- 1 year ago
What can ‘easily’ be concealed, actually depends more on your clothing choices and how those clothes fit you, than the diaper you are wearing. As an easy example, if you wear a looser fitting dress or a more flowing maxi style skirt, you could easily conceal the thickest of diapers with relative ease, even if it does nothing to muffle the sound of the diaper. Tighter fitting clothes can help muffle the sound (if your diaper is crinkly) but could become more visibly obvious. What I’ve found over the years is that two things are important: 1) how the diaper fits you. 2) how the diaper fits under your clothes. They both matter, a lot. Finding a diaper that does both, is probably not going to happen, because all diapers fit differently, and even clothes from the same brand of the same size can fit differently, much less different brands and sizes. So my advice would be a few things:
1. Experiment with as many different brands as you can. Try different sizes. You need to find a diaper that fits properly, first and foremost. Proper fit greatly increases comfort and helps stop leaks.
2. Once you find a diaper you really like, test fit it with all your regular clothes and see how it looks, and how they feel with a diaper on. If you really want to wear diapers in a public space, and are concerned with concealment, it could be easier and better to make adjustments to your wardrobe once you find a diaper that works for you, than to find a diaper that works perfectly with your existing wardrobe. A good balance between form fitting and “baggy” is going to be the likely most comfortable and most concealing. Also, heavier weight fabrics conceal better than lighter weight. My advice is be more concerned with any diaper ‘bulge’ in the front, rather than in the back. Because that’s where it’s likely to be the most obvious. How the diaper fits from the front is very important.
But remember that what may be more obvious to you, might not be so to others. Nobody is likely to assume you are wearing a diaper, except other people who wear diapers. I have years of experience with this. That beibg said, certain diapers just likely aren’t going to work for you. Using myself as an example, I can wear a conficare dry 24/7 under my normal jeans, my normal fitting suit pants and shorts, even shorter shorts, with no visibly obvious signs. But a northshore supreme, which is of a similar thickness, is much more obvious, especially in the front, because of the sizing and how it fits me.
Thinner diapers are always easier to conceal. Always. They are usually cheaper in cost as well. But being thinner, they lack in performance. If your aren’t a heavy wetter, or even prefer the feel of a thinner diaper then everything could be easier. I wore nothing but the original Tena slip Maxi for years because of how it fit, felt, performed and it had great cost/value ratio. Until Tena did away with it. I’ve never found a diaper that was better or easier to conceal. The thing about choosing a thinner diaper though, is how often are you likely going to have to change? how convenient is it going to be to change? How many diapers will I have to carry around with me at all times? Generally, unless you are a very light wetter, the thinner the diaper, the more easily concealed, but more inconvenient they are likely to be. While the thicker, the opposite is generally true. I’ve found that besides the aforementioned Tena slip, I haven’t found too many diapers in between being thick and thin, that are available. It’s usually one end of the spectrum or the other. So try, try, try as many different brands as you can. Try different sizes of the same brands if you feel you fall ‘in between’ general size ranges. Ordering samples will be really helpful here. Try them with all your clothes and see how they look and feel. But again, choose the diaper first and make minor adjustments to wardrobe based on that.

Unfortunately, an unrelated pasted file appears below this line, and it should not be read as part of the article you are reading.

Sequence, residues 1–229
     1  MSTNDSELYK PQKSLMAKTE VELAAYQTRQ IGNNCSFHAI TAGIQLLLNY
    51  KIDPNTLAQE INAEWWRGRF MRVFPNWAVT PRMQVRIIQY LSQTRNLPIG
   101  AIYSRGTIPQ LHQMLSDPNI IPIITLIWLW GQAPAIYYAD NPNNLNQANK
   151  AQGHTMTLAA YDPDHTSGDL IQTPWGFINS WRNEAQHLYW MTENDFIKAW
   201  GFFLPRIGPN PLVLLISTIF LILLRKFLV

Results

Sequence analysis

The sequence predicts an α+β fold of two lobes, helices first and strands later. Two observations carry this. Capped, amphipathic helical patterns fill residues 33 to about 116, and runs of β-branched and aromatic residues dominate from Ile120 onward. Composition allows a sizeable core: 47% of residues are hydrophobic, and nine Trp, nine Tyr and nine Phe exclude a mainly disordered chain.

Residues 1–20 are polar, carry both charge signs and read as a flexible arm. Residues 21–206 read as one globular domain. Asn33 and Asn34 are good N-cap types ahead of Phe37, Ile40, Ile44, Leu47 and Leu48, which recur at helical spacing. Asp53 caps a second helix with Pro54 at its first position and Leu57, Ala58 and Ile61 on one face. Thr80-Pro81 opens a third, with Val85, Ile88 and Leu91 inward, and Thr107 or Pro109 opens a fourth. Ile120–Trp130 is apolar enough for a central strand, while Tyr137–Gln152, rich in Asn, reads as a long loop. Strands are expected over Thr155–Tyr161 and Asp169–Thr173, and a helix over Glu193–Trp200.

As for cheap in cost, I’m afraid there is no such thing. What is cheap is of course relative, and I don’t know what you consider ‘cheap’, but if you specifically ask, I can assume the average cost of abdl specific diapers and the more thicker incontent specific brands are considered ‘expensive’ to you. My advice here, is to once again, find and chose the right diaper for you first, then make adjustments around that. Which can include re-budgeting your finances to afford diapers. (What’s cheap usually isn’t good, and what’s good usually isn’t cheap) and wearing diapers is just expensive, period.
One decent performing and thinner, ‘cheaper’ diaper that I’ve found is the tranquility ATN. But they don’t fit me well at all, and in my experience they run small in their sizing. But they are relatively affordable and if they fit you, can easily be concealed. They are widely available especially in the US. You could also try the newer “active fit” Tena slip maxi. It’s no where near as good as the original but still a decent choice, and still very concealable all around. More expensive and less avaialabilty especially in the US. But still represents a good cost/value ratio. Because you still get 24 to a pack. Hope any of this proves helpful, even if I can’t give you a simple short answer.